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The Bradley Manning Survey


While driving through a March mix, I parallel processed—articles about Bradley Manning, reader comments, the tempo of the windshield wipers clearing slush, if I should turn around and postpone the appointment. Then, the word “snain” appeared—a reminiscence. Some weatherman’s use of “snain” years ago. H, so young with little-boy joy, laughed a melody, repeating the word, amusing himself and us—his parents and older brother. I smiled at the memory. Turn around? No. I was almost at my dentist’s office. Plus, the Lesbaru’s resolute.

I ran from the car to the building. After signing in, I sat, staring at fish that looked like Rothko paintings in the huge aquarium dividing the room into two areas, one for telly watching and the other for reading.

Then I shifted my focus to one of several articles I’d read about Bradley Manning. His trial testimony. That he attempted to interest the New York Times, the Washington Post, and Politico in his evidence of war crimes. They ignored.

Beneath this piece, a reader had entered in the comment section that most Americans wouldn’t know who Bradley Manning is.

I decided to conduct my own little survey.

Approaching two men seated in the reading side of the reception area, I said, “Excuse me, do you know who Bradley Manning is?” Neither did.

“He’s the 25-year-old Army soldier in prison over 1000 days for exposing war crimes. Was nominated for the Nobel Peace Prize.”

One of the men said, “Oh, yeah.”

I continued: “He disclosed a video of an Apache helicopter in Iraq whose crew killed more than 12 Iraqi civilians and two Reuters war correspondents.”

Blank stare from one. Faint smile from the other.

I waited. Soon a woman entered. “Excuse me. I’m taking a survey. Do you know who Bradley Manning is?” She shook her head no. I informed.

From the television, weather announcers reported the latest about the “fat snowflakes”. I moved to watch the storm tracking. A woman came in and sat nearby. Leaning towards her, I asked the question. She didn’t know. Again, I informed.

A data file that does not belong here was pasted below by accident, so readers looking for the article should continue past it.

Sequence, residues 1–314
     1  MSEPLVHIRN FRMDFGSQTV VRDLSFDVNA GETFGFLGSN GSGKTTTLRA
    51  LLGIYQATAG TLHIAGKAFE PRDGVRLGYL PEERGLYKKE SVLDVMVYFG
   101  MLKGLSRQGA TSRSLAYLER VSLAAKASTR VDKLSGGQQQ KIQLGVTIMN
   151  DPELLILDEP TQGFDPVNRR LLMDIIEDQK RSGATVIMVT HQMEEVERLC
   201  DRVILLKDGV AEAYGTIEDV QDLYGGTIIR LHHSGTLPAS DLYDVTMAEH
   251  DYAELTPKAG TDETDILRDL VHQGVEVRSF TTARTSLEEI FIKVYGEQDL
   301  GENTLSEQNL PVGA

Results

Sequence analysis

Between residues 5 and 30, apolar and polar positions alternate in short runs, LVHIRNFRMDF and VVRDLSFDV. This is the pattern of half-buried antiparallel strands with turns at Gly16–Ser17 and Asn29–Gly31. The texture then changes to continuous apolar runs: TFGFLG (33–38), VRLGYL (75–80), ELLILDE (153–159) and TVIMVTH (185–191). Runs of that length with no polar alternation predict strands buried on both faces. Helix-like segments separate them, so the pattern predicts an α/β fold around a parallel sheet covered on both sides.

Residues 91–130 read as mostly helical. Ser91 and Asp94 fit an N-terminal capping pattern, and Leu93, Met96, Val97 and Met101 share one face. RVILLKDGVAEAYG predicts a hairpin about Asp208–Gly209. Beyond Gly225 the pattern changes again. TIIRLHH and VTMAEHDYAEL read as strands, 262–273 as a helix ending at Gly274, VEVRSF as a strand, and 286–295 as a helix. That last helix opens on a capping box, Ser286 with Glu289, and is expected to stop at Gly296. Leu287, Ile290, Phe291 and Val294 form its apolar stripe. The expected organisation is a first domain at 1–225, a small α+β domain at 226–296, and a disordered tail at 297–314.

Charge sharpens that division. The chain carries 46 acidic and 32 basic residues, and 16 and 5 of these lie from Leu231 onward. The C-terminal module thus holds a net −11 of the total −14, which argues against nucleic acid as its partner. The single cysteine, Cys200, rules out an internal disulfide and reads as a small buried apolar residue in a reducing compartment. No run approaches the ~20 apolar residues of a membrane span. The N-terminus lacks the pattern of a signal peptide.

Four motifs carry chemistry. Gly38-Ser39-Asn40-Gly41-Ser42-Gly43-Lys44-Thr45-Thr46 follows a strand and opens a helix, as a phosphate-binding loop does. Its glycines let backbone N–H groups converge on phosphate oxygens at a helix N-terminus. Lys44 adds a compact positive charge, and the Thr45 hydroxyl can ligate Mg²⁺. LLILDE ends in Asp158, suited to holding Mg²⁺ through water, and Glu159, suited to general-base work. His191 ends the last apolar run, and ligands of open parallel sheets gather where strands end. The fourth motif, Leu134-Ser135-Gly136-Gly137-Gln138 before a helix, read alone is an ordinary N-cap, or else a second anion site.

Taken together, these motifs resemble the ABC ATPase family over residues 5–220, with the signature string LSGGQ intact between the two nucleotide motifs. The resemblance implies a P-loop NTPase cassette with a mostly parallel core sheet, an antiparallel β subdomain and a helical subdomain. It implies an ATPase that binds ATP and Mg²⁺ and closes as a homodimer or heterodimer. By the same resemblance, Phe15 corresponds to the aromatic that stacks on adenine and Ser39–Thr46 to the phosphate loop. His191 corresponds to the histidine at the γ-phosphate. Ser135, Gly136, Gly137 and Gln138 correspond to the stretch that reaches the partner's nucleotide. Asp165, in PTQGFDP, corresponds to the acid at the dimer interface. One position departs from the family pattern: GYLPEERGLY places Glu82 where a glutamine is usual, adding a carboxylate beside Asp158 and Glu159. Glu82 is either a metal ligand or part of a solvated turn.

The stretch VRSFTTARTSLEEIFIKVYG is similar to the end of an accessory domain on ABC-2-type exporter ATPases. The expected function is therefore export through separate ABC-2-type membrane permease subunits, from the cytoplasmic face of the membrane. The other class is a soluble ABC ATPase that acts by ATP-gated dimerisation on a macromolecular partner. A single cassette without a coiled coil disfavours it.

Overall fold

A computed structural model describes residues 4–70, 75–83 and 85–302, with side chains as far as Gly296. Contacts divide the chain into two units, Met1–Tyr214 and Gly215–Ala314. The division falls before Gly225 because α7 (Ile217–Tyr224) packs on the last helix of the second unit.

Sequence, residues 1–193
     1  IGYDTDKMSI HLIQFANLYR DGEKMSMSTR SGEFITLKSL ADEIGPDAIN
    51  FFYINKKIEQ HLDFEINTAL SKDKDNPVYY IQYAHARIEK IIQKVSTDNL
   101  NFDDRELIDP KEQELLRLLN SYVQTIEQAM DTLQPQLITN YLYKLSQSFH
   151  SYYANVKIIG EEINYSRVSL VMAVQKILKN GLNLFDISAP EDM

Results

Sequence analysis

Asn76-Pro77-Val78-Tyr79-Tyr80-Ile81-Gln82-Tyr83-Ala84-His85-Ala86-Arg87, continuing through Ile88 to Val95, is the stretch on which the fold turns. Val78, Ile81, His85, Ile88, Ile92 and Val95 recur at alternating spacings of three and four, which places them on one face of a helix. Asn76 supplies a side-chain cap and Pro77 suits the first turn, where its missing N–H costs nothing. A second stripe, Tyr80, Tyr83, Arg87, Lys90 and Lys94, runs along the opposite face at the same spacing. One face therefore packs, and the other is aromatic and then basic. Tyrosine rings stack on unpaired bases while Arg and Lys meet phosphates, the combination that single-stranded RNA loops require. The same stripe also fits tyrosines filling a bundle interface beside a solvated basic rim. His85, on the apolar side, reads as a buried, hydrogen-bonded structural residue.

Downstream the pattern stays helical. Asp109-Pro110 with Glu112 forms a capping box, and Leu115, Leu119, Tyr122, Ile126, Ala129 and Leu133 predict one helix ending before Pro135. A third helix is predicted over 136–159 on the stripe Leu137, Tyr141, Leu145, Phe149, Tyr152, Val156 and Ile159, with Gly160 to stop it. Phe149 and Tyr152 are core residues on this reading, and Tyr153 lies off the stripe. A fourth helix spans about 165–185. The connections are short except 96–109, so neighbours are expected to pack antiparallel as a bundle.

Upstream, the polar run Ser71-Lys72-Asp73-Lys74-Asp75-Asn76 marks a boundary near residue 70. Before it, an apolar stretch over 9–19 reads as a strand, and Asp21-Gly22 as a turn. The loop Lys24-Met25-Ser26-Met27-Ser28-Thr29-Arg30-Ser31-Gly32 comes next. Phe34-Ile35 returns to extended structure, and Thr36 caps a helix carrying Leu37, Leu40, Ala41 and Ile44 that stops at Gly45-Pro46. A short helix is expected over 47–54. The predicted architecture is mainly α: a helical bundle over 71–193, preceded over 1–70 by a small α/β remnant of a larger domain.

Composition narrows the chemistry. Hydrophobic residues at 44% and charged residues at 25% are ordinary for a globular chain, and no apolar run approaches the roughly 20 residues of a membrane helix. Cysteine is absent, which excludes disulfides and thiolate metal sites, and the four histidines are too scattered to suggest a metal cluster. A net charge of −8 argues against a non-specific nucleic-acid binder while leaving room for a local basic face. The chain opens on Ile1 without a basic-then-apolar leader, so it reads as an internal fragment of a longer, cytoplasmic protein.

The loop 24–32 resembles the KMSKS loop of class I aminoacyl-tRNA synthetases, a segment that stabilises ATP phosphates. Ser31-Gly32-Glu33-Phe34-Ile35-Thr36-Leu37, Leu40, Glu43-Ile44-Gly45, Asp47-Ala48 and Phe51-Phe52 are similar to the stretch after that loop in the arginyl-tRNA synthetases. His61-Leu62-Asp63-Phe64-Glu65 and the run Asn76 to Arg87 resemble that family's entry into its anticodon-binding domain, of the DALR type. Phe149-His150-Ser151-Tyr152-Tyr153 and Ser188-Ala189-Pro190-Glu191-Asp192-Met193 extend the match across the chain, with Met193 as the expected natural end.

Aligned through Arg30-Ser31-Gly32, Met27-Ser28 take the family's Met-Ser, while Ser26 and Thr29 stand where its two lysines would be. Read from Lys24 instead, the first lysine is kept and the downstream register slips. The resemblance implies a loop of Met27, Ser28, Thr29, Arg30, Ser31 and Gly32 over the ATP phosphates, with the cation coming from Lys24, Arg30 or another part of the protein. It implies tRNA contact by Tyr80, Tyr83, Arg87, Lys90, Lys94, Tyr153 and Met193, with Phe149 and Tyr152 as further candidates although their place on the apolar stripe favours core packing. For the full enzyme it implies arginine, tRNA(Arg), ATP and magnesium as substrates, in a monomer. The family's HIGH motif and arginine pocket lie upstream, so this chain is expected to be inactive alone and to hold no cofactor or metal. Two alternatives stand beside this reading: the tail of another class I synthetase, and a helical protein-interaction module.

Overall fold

I went to the restroom. Came out to see someone removing her coat. Sitting next to her, I said, “Excuse me. Are you familiar with Bradley Manning?” She nodded yes. I waited.

“I don’t think he should be in prison.” She said this, cautiously, almost whispering.

“I’ve asked four others, and you’re the first person who’s known.”

We talked until she was summoned.

Are you wondering why I had time for this study? I was an hour early. Had entered 10:50 on my calendar instead of 11:50. The research subjects were called waaaayyyy before I was, probably relieved (with one exception) to escape my question and ensuing sermon.

Finally, “Beattie.”

Seated in the dental chair, I said to the hygienist, “Do you know who Bradley Manning is?” She didn’t. I informed.

She poked that pick in my mouth and began scraping. Then did the minty scrub with the rubber-tipped instrument. “You’re due X-Rays.”

“No thanks.”

She was shoving some party favors (that actually totaled $130.00) into a goody bag when the dentist appeared.

“I’m conducting a survey. Do you recognize the name Bradley Manning?”

He said, “Is he related to Eli? Or is he a porn star?”

“He exposed war porn.”

Told him about the Collateral Murder video and the Nobel Peace Prize nomination. “He’s 25-years-old,” I said. “And he’d been in a military prison over 1000 days.”

He changed the subject, commenting on my boots.

Another opportunity while I paid: As an employee printed my receipt, I asked the question. She said, “No.” When I told her, she said, “I’m only concerned with Maryland politics. This governor is killing us, sending jobs out of the state.”

I walked through big refreshing snowflakes to power on the Lesbaru, thinking only one among eight people knew. And here’s her story: When she said, “I don’t think he should be in prison,” I noticed an accent. Russian. She told me she immigrated 14 years ago, excited she was leaving a country that propagandized. Convinced she was moving to one that didn’t.

“It’s just as bad here. When I pick up my son at school, I sometimes hear an announcement: ‘This is the greatest country in the world.’”

She made a face and put her hands up to cover her ears.

Soooooo, I have a new plan. I’ll be the disseminator of real news. In reception areas. At the grocery. A restaurant. On a train. Wherever. Resolute, like the Lesbaru. Tenacious as a Jehovah’s Witness.

Missy Beattie preaches from Baltimore and any area she visits. Contact her at



Missy Beattie has written for National Public Radio and Nashville Life Magazine. She was an instructor of memoirs writing at Johns Hopkins’ Osher Lifelong Learning Institute in BaltimoreEmail:

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